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Mindful conservation – why we need a new respect for nature

'We should look at whales and dolphins as the indigenous people of the seas -...
tins of whale meat

How Japan’s whaling industry is trying to convince people to eat whales

Japan's hunters kill hundreds of whales every year despite the fact that hardly anyone in...
Common dolphins © Christopher Swann

Did you know dolphins have personalities?

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Microplastics on beach

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Our love affair with plastic began in the 1950s when it revolutionised manufacturing. But what...
A dolphin called Arnie with his shell.

Dolphins catch fish using giant shell tools

In Shark Bay, Australia, two groups of dolphins have figured out how to use tools...
Common dolphins at surface

Did you know that dolphins have unique personalities?

We all have personalities, and between the work Christmas party and your family get-together, perhaps...
Leaping harbour porpoise

The power of harbour porpoise poo

We know we need to save the whale to save the world. Now we are...
Holly. Image: Miray Campbell

Meet Holly, she’s an incredible orca leader

Let me tell you the story of an awe-inspiring orca with a fascinating family story...

Breach! Support the film the whalers don’t want you to see

I spoke last night to Los Angeles-based writer, director and film maker, Jonathan (Jonny) Zwick.  Jonny spent three months in Iceland last summer shooting footage for Breach, an independent documentary film that focuses on the cultural, scientific and economic ‘justifications’ which underpin the Icelandic whaling industry – and systematically deconstructs them. His film juxtaposes images of the starkly beautiful Icelandic landscape and rich natural history, with jarring images of the slaughter of fin and minke whales.  He allows a whole range of people – from whalers to whale watchers; government scientists to conservationists, as well as ordinary Icelandic citizens – to voice their opinions via voiceovers and ‘talking head’ interviews and in so doing, allows both sides to expose the blinding contradictions inherent in Icelandic whaling.  As he puts it:  “My film focuses on the spectacular ironies, contradictions and unethical decisions surrounding the attempts made by the whaling industry and the Icelandic government to convince people that there is still a market for this meat.”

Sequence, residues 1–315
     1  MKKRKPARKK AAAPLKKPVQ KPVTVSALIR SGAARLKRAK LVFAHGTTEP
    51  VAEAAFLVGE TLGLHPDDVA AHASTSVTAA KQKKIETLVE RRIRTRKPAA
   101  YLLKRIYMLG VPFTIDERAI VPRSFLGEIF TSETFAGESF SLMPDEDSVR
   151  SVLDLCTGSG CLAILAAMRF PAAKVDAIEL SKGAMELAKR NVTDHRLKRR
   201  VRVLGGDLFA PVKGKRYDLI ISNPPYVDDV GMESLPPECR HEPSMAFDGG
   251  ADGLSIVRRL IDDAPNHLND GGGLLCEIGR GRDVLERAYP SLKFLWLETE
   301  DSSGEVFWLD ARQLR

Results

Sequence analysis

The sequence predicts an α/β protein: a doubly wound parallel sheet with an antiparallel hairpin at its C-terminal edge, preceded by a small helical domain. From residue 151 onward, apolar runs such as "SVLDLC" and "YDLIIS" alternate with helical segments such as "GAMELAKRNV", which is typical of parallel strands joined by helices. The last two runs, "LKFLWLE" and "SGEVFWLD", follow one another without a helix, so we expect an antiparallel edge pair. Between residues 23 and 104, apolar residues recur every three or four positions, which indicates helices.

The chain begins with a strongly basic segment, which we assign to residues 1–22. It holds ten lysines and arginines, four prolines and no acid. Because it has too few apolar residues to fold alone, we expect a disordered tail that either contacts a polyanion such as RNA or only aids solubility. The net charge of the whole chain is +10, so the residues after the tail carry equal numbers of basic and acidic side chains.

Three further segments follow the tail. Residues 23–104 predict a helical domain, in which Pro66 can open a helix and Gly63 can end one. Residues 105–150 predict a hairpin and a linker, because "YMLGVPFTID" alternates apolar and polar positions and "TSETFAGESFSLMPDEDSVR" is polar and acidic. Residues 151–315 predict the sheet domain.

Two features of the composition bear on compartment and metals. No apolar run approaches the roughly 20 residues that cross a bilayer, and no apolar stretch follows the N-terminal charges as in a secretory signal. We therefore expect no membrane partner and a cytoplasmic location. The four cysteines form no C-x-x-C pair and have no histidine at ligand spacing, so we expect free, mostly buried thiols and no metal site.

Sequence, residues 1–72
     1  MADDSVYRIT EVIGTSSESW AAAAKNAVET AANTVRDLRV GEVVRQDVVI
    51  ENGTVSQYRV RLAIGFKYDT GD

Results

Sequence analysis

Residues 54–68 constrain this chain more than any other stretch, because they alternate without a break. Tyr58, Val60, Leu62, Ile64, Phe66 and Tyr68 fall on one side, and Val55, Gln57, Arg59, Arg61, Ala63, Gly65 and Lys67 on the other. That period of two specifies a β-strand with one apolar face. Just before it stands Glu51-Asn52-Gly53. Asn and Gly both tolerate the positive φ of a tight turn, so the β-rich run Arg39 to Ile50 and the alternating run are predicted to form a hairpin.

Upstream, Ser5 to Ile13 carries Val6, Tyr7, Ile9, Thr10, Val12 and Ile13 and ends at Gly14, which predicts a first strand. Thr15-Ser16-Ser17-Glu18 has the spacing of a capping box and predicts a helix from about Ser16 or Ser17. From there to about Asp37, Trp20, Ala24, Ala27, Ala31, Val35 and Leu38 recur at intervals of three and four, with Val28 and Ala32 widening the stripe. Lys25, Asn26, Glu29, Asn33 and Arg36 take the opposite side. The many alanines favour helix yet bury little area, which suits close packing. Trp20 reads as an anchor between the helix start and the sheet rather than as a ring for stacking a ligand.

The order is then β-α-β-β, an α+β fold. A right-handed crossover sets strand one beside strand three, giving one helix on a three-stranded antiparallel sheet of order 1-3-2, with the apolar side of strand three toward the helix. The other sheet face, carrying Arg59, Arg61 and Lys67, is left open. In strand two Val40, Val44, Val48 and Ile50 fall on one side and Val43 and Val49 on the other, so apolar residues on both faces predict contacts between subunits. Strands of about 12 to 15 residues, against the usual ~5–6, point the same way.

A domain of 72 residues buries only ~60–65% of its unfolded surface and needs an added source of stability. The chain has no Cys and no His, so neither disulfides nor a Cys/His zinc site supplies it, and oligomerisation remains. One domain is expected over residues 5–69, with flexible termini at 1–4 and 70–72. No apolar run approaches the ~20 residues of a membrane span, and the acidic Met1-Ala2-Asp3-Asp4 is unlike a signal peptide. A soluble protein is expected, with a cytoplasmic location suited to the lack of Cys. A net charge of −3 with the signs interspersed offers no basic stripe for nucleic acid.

Back home in the US, Jonny has created a Kickstarter to find the funds required now to cover translation, editing and distribution costs. You can see a trailer of the documentary and find out more about the vision that drove this film to be made.

This ‘crowd funding’ initiative ends on February 20th.  If Jonny reaches his target, he can complete his film and take it to Iceland, where he wants to show it to as many people as possible – particularly youth audiences.

I’ll leave the last word to Jonny, but I hope that he will find the funds to complete his project: this is a film that absolutely needed to be made, and now, more than ever, absolutely needs to be ‘out there’.

I put myself in uncomfortable and sometimes dangerous situations while covering this story. I went on a minke-whale hunt, interviewed whalers in their own home, followed truck drivers transporting whale meat to isolated locations in the middle of the night, and was chased out of the Hvalur whale processing plant by rampant whale flensers.

The pieces have been gathered, and now we just need to put them in place. The better the movie is, the more people will watch. The more people who watch, the more people will know. The more people who know, the more whales will be saved.”

About Vanessa Williams-Grey

Policy manager - Stop Whaling and Responsible Whale Watching